RE: Board Selection - Totally Confused
How much do you weigh.....?
A ballpark figure is OK here, but if you weigh =< 150 lbs/68 Kg you would need one size board.
If you weigh between 150 lbs/68 Kg. and 180 lbs/81.6 Kg. then a larger wider board is more suitable.
If you weigh => 200 lbs/ 90 Kg. then you could be looking at a "big boys board" with even greater volume and width.
How tall you are is far less important as youi can move your boom up/down and lenghten/shorten your harness lines to accomadate different heights.
Unfortunately it's not just aobut how much you weigh either.
What size rig you can afford or wish to sail can affect the board choice quite a bit.
Bigger wider boards need larger and more powerful sails, but you can't just stick a 12.0 m2 race sail on a GO 170 and expect to get the same performance you might with a 10.5 Free Race rig that has more low end power, but less stability.
So, tell me your weight and what size rig you think you might want to get (remembering that going from a 6.3 m2 HiFly "package" rig with very heavy components and not much performance) to a full performance free race rig in the 8.5-10.5 m2 range you are going to spend as much for the rig (mast/ boom/sail) as you would for a new board ....perhaps even more if you get the high carbon light weight components).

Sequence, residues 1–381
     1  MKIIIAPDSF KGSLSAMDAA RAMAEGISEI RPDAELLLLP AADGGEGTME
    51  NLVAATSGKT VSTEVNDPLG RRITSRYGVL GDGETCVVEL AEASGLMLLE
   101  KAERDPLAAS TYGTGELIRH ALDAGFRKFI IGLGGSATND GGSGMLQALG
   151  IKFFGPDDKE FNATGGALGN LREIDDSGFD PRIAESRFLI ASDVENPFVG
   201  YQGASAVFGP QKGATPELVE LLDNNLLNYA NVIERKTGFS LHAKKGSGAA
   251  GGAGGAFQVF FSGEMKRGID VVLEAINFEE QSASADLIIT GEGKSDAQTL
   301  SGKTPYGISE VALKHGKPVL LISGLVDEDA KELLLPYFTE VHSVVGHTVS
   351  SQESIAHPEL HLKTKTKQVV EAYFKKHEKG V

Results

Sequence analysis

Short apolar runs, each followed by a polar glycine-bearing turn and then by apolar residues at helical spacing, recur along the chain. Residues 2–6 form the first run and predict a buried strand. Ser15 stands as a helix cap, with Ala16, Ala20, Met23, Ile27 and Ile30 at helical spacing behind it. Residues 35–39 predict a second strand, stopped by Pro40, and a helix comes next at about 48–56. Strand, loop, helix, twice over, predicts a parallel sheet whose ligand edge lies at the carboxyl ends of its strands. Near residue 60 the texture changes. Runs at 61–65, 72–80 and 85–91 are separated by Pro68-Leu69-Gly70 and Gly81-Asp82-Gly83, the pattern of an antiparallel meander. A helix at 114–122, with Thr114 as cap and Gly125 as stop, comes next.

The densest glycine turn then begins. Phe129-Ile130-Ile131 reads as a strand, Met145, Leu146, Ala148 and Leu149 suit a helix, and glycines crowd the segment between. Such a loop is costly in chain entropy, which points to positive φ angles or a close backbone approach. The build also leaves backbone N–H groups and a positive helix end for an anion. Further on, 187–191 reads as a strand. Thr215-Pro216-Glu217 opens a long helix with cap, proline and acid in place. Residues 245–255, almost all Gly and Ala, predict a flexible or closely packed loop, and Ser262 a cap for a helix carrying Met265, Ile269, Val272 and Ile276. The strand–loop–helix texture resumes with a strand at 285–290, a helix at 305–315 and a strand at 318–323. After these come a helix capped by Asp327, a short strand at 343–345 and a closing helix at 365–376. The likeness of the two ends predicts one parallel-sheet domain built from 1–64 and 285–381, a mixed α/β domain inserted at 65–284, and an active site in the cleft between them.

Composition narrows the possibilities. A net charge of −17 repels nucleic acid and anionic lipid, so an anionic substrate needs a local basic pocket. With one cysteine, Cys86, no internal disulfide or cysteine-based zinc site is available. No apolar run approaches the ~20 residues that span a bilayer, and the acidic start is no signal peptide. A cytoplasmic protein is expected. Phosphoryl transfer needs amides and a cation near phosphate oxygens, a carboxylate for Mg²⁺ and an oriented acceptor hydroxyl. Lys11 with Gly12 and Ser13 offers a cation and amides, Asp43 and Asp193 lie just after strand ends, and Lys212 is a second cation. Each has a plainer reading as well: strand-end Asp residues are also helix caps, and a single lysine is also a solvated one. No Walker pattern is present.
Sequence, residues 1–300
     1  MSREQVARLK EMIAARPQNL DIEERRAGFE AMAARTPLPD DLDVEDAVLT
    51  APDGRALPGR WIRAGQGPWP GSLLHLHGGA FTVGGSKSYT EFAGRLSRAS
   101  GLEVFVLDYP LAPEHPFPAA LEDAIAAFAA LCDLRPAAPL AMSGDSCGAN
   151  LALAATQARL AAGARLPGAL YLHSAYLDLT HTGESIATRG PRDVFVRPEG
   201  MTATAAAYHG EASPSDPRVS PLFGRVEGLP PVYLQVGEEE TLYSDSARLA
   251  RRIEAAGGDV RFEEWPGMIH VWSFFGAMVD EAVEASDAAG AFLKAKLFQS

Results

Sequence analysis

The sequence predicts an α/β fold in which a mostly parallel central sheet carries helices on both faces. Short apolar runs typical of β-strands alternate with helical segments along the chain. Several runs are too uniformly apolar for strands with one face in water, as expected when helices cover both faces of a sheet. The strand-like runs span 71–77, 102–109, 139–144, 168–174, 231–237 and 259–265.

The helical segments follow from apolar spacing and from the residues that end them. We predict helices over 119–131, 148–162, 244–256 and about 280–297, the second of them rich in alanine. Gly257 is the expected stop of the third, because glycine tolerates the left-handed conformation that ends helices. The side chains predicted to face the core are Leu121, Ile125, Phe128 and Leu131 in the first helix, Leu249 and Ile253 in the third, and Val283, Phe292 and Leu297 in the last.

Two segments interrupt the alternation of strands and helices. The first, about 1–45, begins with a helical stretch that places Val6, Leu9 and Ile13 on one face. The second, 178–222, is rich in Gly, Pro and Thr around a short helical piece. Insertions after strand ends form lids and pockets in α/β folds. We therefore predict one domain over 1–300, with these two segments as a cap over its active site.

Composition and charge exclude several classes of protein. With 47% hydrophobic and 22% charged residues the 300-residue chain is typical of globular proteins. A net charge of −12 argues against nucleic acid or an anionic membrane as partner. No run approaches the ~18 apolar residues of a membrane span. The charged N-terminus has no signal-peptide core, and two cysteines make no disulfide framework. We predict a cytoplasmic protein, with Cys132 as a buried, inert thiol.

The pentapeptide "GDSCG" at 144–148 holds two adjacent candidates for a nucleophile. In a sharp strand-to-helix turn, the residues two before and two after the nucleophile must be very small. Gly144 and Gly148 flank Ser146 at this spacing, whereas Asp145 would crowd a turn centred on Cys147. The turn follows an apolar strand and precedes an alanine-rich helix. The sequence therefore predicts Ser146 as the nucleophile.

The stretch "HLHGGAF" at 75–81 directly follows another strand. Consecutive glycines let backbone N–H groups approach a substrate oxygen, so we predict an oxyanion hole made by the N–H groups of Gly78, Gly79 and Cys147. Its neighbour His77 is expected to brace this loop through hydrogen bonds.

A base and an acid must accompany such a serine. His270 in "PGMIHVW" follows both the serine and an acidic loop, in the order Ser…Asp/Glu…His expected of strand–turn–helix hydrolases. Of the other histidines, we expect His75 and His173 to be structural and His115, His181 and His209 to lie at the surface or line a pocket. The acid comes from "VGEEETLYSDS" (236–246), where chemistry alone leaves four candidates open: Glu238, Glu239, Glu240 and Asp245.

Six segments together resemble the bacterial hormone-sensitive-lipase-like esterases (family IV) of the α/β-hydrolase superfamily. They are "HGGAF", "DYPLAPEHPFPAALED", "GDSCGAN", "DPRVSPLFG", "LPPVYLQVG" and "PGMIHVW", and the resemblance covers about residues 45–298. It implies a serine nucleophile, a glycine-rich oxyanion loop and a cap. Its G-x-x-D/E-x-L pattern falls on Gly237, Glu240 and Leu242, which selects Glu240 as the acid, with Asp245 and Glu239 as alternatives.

You can of course, buy a used rig and same some money, but do you have enough information/knowledge to "piece together" used components to result in a rig that gives you the full performance of all the components?
Question #1 As I said above, it's not quite this simple.
Gotta have your weight, and an approximate sail size to decide between the GO 170/185.
Question #2 I think the GO is a little more performance oriented than the Nova. Either one will work, but the Nova is basically the entry level board from BIC. The Start/Rio are the Staboard entry level boards, and the GO boards are the next level above.
The will plne at about the same time, due to similar widths, the Nova probably costs less so that can be a factor.
Question #3 The next level (above your beginner/progressing early intermediate skill level..... i.e. uphauling, tacking, non-planing flare jibes) would be when you learn to beachstart, waterstart, plane all the time hooked in an in the footstraps and start working on planing carve jibes.
Only problem is you don't have enough wind to realistically (at 25 k/h 13.5 knots) do fully planing jibes/waterstarts unless you have a big (8.5 m2 or larger here) sail, and having a big sail makes learning all of these new skills signifcantly more difficult.
Hope this helps,